He also became president of the Kanbawza Bank, which was established in Taunggyi, in January 2000. Aung Ko Win took over the management of the bank with substantial financial backing from his business associates, including coconut cooking oil industrialists and large-scale gem businessmen. At that time, the bank had only four branch offices in the country, but has since become very successful within a short period of time and is predicted to grow further. So far, Aung Ko Win is reported to have donated 50% of the bank’s net profit to Burma’s national football team. He is reported to have donated US$2.85 million to public projects such as the renovation of the Shwedagon Pagoda.

U Tun Myint Naing (Steven Law)

Asia World Co Ltd

Managing Director of Burma’s biggest conglomerate, Asia World Co Ltd, Steven Law is also son of Lo Hsing Han, the infamous drug lord and chairman of Asia World. Asia World Co Ltd was founded on June 5, 1992 with strong financial backing, and engages in a broad range of business activities.

Steven Law married Singaporean Cecilia Ng, a business partner, in 1995. There are three "overseas branch companies" of Asia World in Singapore run by Steven Law and his wife. According to a high-level US government official, Cecilia Ng operates an underground banking system and through this is "a contact for people in Burma to get their drug money into Singapore, because she has a connection to the government."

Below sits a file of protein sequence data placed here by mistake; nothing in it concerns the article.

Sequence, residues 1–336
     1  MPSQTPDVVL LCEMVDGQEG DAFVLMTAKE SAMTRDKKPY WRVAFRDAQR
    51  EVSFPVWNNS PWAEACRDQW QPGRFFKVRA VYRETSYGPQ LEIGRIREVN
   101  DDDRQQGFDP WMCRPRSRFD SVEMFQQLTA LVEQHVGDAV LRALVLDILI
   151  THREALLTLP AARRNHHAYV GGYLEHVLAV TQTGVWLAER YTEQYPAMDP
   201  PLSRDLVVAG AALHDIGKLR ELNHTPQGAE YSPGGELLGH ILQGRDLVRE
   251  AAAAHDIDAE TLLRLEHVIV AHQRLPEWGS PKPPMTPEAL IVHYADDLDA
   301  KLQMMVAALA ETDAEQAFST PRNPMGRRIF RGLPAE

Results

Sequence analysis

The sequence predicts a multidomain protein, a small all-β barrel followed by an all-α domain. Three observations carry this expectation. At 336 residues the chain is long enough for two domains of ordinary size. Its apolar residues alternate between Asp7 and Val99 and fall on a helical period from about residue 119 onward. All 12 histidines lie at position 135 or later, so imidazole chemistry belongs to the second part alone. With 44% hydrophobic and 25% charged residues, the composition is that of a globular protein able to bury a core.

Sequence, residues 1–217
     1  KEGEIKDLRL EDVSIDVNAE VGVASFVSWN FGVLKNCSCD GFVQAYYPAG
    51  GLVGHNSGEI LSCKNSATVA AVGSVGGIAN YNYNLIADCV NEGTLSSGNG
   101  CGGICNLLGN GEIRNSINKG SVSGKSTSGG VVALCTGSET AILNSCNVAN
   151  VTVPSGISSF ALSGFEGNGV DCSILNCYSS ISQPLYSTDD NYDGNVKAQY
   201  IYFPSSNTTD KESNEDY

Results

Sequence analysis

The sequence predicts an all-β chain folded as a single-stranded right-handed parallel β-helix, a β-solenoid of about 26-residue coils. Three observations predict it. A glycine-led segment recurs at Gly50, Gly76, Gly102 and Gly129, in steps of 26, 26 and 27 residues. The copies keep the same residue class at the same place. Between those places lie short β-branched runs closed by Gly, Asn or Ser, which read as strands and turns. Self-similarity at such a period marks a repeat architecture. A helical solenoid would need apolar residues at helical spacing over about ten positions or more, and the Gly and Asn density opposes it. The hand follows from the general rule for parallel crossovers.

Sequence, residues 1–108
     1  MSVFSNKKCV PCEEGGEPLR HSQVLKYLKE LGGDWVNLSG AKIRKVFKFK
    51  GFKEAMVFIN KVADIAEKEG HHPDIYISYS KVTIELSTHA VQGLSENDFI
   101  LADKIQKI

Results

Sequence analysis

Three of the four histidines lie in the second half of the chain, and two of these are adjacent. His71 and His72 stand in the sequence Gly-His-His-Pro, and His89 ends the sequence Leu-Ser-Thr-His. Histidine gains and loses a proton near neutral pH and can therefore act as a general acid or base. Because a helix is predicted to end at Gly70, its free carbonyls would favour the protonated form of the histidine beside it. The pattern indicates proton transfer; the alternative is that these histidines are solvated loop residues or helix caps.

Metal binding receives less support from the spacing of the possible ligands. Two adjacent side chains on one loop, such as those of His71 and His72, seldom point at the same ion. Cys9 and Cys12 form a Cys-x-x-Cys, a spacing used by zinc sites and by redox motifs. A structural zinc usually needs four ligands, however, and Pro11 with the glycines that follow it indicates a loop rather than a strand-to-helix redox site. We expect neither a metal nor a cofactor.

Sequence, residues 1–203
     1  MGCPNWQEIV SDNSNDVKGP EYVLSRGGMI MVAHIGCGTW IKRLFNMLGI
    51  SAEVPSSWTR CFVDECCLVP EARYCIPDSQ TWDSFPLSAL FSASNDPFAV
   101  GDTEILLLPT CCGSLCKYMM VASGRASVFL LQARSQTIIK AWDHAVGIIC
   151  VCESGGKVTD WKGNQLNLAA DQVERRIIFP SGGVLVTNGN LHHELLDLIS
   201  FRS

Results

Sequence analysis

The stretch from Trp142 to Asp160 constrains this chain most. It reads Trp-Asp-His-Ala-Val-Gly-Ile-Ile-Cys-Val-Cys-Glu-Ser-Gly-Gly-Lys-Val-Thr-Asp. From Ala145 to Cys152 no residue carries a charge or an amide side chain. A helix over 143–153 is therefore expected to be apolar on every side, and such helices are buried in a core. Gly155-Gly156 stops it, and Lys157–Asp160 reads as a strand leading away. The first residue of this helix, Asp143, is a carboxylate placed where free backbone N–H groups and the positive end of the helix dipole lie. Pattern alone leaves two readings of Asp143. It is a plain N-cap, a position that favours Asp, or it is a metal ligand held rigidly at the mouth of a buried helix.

Steven Law also has strong business connections with Malaysian-born tycoon Robert Kuok. Through its partnership with Asia World, Kuok Singapore Ltd was Burma’s single largest real estate investor as of late 1996, having invested over US$650 million in various projects. Beginning with the importing into Burma of Kuok’s cooking oil, Asia World’s business expanded to include the sub-contracting of Kuok Group projects, including the construction of the Traders and Shangrila hotels in Rangoon.

Asia World’s operations now include a deepwater port in Rangoon, the Leo Express bus line to northern Burma, and a US$33 million toll highway from the heart of Burma’s opium cultivating region to the Chinese border. It is alleged that these operations are to facilitate the movement of drugs and to launder drug profits. There is further speculation about the origins of the initial investment that has seen Asia World grow from humble beginnings to one of Burma’s largest and fastest growing private sector companies in just 6 years.

Steven Law was refused a visa to the USA on suspicion of involvement in narcotics trafficking in 1996 and Washington is leading a narcotics investigation into Asia World’s operations. More than half of Singapore’s investment in Burma goes through partnerships with Asia World, totaling more than US$1.3 billion. Asia World’s intimate relationship with Singaporean business interests thus provides a direct route for the narcotics trade to be woven into seemingly legitimate investments between Singapore and Burma, alleged US officials.

Copyright © 2008 Irrawaddy Publishing Group |